Your New Anti-Obesity Advocate: Coca-Cola

Takepart.com

Like a bad boyfriend, Coca-Cola is sending mixed messages again.

Yesterday, the soda giant announced plans to offer low- or no-calorie beverages in every market and ad front-of-the-package labeling. Additionally, it pledged to stick to responsible marketing practices—including no advertising to kids under 12-years of age, and to support physical activity.

 

 

But not everyone is embracing the New Coke image.

“The announcement is part of their effort to convince people that they’re committed to fighting obesity and they’re not,” Michael Jacobson, executive director for Center for Science in the Public Interest tells TakePart. “It’s smoke and mirrors. Their goal is to sell as much beverage as they can, and they’re not going to give up marketing the hell out of their high calorie sodas like Coca-Cola.”

Indeed, their commitment not to market to young children stretches back to 2007. And all major markets have long had low- and no-calories options. As for putting nutrition information on the front, Jacobson says they’ve already done that, and agrees it’s useful. But Coke’s commitment to supporting physical activity is less transparent, says Jacobson.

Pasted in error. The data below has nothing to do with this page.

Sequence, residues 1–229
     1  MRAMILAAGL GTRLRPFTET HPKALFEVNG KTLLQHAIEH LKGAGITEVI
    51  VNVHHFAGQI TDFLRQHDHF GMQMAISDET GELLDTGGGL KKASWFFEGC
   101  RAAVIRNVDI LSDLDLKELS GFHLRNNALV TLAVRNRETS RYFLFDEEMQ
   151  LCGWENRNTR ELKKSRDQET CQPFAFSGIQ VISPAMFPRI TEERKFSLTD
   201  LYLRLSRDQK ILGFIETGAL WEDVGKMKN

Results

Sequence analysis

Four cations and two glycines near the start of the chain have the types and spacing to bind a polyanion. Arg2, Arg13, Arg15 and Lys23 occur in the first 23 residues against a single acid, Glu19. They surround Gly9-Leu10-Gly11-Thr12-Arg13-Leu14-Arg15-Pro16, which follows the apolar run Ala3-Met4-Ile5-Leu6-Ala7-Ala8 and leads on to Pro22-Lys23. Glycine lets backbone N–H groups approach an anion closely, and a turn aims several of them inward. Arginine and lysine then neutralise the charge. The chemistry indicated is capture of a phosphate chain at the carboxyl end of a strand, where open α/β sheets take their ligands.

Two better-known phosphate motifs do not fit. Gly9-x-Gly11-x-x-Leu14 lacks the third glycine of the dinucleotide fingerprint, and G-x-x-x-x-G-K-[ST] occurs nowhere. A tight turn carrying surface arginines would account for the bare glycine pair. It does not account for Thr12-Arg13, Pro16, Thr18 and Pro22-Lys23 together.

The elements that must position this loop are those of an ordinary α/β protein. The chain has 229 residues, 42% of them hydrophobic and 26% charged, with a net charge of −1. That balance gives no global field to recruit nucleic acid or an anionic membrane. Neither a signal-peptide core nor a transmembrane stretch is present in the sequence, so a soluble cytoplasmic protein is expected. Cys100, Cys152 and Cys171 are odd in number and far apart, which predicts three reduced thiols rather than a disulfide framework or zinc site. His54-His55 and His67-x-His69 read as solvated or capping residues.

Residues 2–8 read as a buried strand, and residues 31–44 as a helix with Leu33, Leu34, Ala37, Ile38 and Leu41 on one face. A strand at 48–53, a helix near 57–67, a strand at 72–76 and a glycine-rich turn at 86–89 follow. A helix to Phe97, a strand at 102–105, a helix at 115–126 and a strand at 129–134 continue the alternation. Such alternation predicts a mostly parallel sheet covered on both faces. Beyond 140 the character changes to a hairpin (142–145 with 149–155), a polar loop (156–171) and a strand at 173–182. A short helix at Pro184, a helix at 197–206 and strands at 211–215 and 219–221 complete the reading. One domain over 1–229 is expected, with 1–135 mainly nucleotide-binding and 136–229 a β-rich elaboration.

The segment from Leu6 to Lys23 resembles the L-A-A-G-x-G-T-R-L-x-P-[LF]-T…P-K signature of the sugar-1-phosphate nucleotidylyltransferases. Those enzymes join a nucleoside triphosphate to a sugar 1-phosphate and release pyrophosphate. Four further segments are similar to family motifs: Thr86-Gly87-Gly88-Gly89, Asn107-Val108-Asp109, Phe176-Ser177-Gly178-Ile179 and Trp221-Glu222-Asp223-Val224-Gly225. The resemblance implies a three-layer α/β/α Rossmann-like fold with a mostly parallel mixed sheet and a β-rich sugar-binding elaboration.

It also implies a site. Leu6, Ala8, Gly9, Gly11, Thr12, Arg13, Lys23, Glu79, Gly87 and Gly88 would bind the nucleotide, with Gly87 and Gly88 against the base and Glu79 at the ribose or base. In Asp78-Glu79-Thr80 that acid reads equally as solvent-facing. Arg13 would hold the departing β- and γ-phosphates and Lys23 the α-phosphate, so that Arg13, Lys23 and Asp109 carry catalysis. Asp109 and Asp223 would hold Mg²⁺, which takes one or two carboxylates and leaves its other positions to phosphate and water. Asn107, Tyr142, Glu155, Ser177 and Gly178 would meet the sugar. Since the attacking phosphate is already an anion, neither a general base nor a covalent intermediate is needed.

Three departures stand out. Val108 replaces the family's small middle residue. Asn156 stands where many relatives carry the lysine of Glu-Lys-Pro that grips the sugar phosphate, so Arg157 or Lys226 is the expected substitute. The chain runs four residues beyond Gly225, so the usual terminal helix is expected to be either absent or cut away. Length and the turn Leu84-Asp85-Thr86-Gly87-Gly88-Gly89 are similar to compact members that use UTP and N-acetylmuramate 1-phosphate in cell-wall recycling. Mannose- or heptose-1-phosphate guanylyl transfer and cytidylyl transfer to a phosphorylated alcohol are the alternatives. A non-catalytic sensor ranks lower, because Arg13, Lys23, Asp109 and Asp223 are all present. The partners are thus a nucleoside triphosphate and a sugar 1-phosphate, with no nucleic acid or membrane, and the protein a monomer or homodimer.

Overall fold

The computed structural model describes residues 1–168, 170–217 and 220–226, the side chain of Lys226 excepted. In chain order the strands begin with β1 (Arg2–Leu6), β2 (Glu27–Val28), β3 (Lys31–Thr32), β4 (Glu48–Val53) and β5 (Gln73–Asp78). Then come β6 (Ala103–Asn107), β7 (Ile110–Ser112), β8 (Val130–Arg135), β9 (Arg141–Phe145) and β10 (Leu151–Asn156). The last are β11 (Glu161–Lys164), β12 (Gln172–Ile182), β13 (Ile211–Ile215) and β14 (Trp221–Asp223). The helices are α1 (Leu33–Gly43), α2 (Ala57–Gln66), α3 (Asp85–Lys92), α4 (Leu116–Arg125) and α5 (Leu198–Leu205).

“Who can question the value of physical activity? It serves two purposes—to burnish their reputation and to distract people from the major cause of obesity, and that’s too many calories,” he says.

Coca-Cola did not return our call seeking comment.

The company’s new obesity focus has been under fire from critics since the beginning of the year, when Coca-Cola launched its controversial “Coming Together” television campaign.

It’s also repositioning itself in a market that has been fizzing-out in recent years—including the launch of new products like Fruitwater, which contains no fruit. So much for the company’s transparency promise.

According to Bloomberg, the company’s Chief Executive Officer Muhtar Kent did not set deadlines or targets for the new initiatives.

“Kent declined to discuss costs for the initiatives or say how they will affect spending for marketing and advertising,” writes Duane D. Stanford for Bloomberg.

Add it up and Coca-Cola’s new commitment to fight obesity doesn’t seem all that sincere, now does it?

Related stories on TakePart:

• Coke Overdose? Mom Drops After Drinking 10 Liters of Coca-Cola a Day

• Another Reason Why Soda Is a Downer

• Caramel Carcinogen? Your Soda Pop Could Kill You


Clare Leschin-Hoar covers seafood, sustainability and food politics. Her work has appeared in Scientific American, The Wall Street Journal, Grist, Eating Well and many more. @c_leschin | TakePart.com

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